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William Zuber (search for this): chapter 5.28
irst battle of Manassas. We were drawn up in line of battle at Newtown and Middletown, and ready to repeat the memorable lesson in running taught our enemies at Manassas this day three years ago. But they declined to give us the chance. Three years ago my regiment, officered by Colonel R. T. Jones, of Marion, Alabama, Lieutenant-Colonel Theodore O'Hara, of Mobile, and Major E. D. Tracy, of Huntsville, with my company, then officered by Captain R. F. Ligon and Lieutenants R. H. Keeling, William Zuber and George Jones, were hurried on the cars from Richmond to Manassas, but reached there only in time to go over the battle-field after the fierce conflict was over. I saw hundreds of Brooklyn Zouaves, in their gay red breeches and gaudily trimmed coats, lying lifeless where they had been slain. Also saw the noble steed of the heroic Bartow lying near the spot where his master fell. Soon after General Beauregard raised his hat, and, in grateful acknowledgment of their splendid valor, e
r, I marched with my company to-day. We passed Louisa Courthouse, and halted near Trevillian's depot, seven miles from Gordonsville. On our route we passed the late cavalry battle-field, where Generals Hampton, Butler and Fitzhugh Lee, defeated Yankee General Sheridan, et al. A great many dead and swollen horses were on the ground, and graves of slain soldiers were quite numerous. The fight was wamly contested. * * * * * * * * * June 17th Rhodes' division passed through towards Lynchany him. The very thought is exhilarating, and makes me feel better. * * * * June 28th Joined my regiment two miles beyond Staunton, and found the men glad to see me and in excellent spirits after their long, rapid, but fruitless pursuit of Yankee General Hunter. The command is ordered to be ready for rapid marching, and I packed my valise and satchel, retaining only an extra suit of under clothing. In my valise I left my diary, kept for two years past, and giving daily brief accounts of
He is a little compound of fice and weasel, and having charge of the cleaning up of the camp, has abundant opportunities to bully and insult, but being, fortunately, very far short of grenadier size, he does not use his boot or fist as freely as his great exemplar. No one, however, was safe from either of them, who, however accidentally and innocently, fell in their way, physically or metaphorically. Of the same block Captain Bowden was a chip: a fair-haired, light-moustached, Saxon-faced Yank --far the worst type of man, let me tell you, yet discovered — whose whole intercourse with the prisoners was the essence of brutality. An illustration will paint him more thoroughly than a philippic. A prisoner named Hale, belonging to the old Stonewall brigade, was discovered one day rather less sober than was allowable to any but the loyal, and Bowden being officer of the guard, arrested him and demanded where he got his liquor. This he refused to tell, as it would compromise others, an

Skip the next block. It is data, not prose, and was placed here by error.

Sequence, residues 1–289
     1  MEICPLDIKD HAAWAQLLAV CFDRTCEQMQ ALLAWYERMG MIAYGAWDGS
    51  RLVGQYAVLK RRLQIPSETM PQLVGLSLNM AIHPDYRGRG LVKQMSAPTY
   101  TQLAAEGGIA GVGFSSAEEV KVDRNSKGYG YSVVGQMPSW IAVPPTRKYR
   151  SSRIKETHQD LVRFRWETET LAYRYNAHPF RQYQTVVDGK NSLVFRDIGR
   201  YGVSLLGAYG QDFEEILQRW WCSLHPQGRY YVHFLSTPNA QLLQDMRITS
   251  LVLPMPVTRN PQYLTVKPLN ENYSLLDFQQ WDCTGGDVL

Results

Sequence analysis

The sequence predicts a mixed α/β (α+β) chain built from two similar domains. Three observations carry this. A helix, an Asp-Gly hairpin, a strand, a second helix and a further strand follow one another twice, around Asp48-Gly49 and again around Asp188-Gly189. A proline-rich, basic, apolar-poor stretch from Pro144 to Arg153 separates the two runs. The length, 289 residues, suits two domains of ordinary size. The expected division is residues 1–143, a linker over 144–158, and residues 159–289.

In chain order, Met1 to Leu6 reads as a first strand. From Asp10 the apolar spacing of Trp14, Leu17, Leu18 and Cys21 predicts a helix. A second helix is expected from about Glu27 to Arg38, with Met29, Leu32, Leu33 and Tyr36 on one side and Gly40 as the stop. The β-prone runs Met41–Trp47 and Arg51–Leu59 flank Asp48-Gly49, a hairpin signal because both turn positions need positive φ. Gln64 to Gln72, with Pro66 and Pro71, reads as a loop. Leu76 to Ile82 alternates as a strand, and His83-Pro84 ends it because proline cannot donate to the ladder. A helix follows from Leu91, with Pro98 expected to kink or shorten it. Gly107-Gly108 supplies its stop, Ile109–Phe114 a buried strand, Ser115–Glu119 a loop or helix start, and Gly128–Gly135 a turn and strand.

Robert P. Wynn (search for this): chapter 5.28
distance on the pike, then turned to the right, and halted near a little village called Keezeltown. At night our regimental postmaster brought me fourteen letters — the first mail for some time. Received notice from hospital of death of private Robert P. Wynn, of Auburn, Alabama. Poor Bob! He had been married but a short time to the young sister of Robert F. Hall, lately my orderly sergeant, and soon after he joined us he had an attack of pneumonia, which, together with nostalgia (a species of melancholy, common among our soldiers, arising from absence from home and loved ones) soon brought his young career to an end. I must write Mrs. Wynn of his death. It is a sad duty. Her brother, Sergeant Hall, an old college classmate of mine, and one of the most gallant and intelligent members of my company, is at home, still disabled and suffering from a severe wound received at Seven Pines, 31st May, 1862. Our Valley army, under that heroic old bachelor, lawyer and soldier, Lieutenant-
G. W. Wright (search for this): chapter 5.28
partly under charge of some Sisters of Charity. Here I heard of the sudden death of Mr. Charles Wright of Sixty-first Alabama, and wrote to his brother, Lieutenant G. W. Wright, of my company, at Loachafoka, Alabama, concerning it. Poor George is now at home suffering from the severe wound in the head, received at battle of Gettye year ago, late in the afternoon, just before my brigade entered the city, I was wounded. I well remember the severe wound in the head received that day by Lieutenant Wright near my side, and his earnest appeal to me to tell him candidly the nature of his terrible wound. And I shall never forget the generous forgetfulness of seleft me, the enemy fell back again, and I was carried to our brigade hospital, near Gettysburg, and soon joined by Captains A. E. Hewlett and P. D. Ross, and Lieutenants Wright and Fletcher, all wounded officers of my regiment. The last mentioned, a brave young soldier, bled internally, and died during the night. July 2d We
Charles Wright (search for this): chapter 2.7